Monday, June 11, 2007

Trash and Energy

Over the weekend I read an interesting article in the Economist on the merits of recycling municipal waste (MSW.) Normally "premium content", the article appears to be accessible through a sponsored link. It got me thinking about the future of trash, and its two main energy implications. The Economist provides some interesting statistics on the energy and greenhouse gas savings associated with recycling, but largely ignores the potential conversion of non-recyclable waste into energy streams, either electricity or fuels. Such efforts have gotten significant media attention recently, including a high-profile project of ConocoPhillips and Tyson Foods. Given the volume of waste generated globally, the energy benefits of getting smarter about its management are too big to ignore.

The Economist starts with the question of whether recycling is truly beneficial and quickly confirms this, based on an analysis of life-cycle studies. I was struck by the potential to improve recycling rates in the US, which they cite at about 30%, to levels comparable to Germany's more than 50%. The example of San Francisco, which apparently recycles 69% of its waste, shows what is possible, though it might be hard to achieve this nationally. Even at current rates, recycling apparently saves 49 million tons of CO2 emissions here, the equivalent of about 0.7% of our total emissions. Doubling that won't get us off the hook for reducing emissions from other sectors, but together with making better use of the energy content of the non-recyclable waste, it could prove to be one of the cheaper sources of emissions reductions.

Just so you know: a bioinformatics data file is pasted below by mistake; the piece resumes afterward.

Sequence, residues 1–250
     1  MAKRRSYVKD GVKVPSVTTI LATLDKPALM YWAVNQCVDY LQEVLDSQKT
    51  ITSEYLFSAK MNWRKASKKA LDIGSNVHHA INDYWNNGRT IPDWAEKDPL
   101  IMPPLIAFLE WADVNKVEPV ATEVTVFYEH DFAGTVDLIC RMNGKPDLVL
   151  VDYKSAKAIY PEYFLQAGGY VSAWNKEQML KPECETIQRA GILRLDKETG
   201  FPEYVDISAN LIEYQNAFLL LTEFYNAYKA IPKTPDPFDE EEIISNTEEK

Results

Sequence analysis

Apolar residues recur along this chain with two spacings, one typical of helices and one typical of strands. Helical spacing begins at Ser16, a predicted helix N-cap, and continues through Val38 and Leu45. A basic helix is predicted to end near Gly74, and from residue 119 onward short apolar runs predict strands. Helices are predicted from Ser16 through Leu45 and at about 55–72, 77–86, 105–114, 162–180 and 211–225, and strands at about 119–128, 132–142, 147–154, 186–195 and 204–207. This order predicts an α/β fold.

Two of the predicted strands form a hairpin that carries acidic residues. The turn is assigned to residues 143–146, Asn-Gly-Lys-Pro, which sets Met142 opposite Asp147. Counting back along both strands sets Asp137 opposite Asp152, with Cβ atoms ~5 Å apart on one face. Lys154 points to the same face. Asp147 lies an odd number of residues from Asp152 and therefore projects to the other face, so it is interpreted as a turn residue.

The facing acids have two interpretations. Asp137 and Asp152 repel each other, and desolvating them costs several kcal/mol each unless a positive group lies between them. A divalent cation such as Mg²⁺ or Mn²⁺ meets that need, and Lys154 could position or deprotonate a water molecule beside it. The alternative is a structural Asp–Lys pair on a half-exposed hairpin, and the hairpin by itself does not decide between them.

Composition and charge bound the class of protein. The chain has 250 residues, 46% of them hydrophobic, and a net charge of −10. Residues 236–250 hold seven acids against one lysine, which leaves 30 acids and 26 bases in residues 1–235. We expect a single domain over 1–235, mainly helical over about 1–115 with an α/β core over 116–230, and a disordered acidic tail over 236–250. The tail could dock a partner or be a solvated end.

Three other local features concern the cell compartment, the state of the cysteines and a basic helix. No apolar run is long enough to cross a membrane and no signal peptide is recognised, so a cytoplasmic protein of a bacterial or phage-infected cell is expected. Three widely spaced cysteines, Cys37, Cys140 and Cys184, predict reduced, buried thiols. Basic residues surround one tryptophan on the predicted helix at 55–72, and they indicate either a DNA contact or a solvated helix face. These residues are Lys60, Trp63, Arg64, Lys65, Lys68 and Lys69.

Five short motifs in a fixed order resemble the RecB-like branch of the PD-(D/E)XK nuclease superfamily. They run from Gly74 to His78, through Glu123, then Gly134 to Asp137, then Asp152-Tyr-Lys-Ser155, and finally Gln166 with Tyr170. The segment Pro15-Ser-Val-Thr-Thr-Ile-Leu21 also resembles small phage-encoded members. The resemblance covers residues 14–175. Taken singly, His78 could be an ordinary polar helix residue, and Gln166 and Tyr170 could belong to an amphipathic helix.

The article gives some hints about how recycling rates could be increased, and better technology seems to be the key. Much of our current recycling effort depends on households and businesses separating recyclable material from other waste, and sorting it into categories of plastic, glass, metal, paper, etc. The "single-stream" recycling technology mentioned in the article eliminates the pre-sorting but still requires separation of recyclables from non-recyclables. That step might benefit from some financial incentives, such as crediting can and bottle deposits at the point of trash collection, rather than returning them to the point of purchase, generating additional fuel and handling savings in the process. Finally, it ought to be possible to increase the scale of the sorting equipment at trash facilities to eliminate entirely the need for pre-sorting into categories by waste producers. With the entire MSW stream separated into recyclables, energy feedstocks, and residual non-recyclables, only a small fraction would still need to be landfilled. The environmental advantages of that are obvious, but the energy benefits should be quite meaningful, as well.

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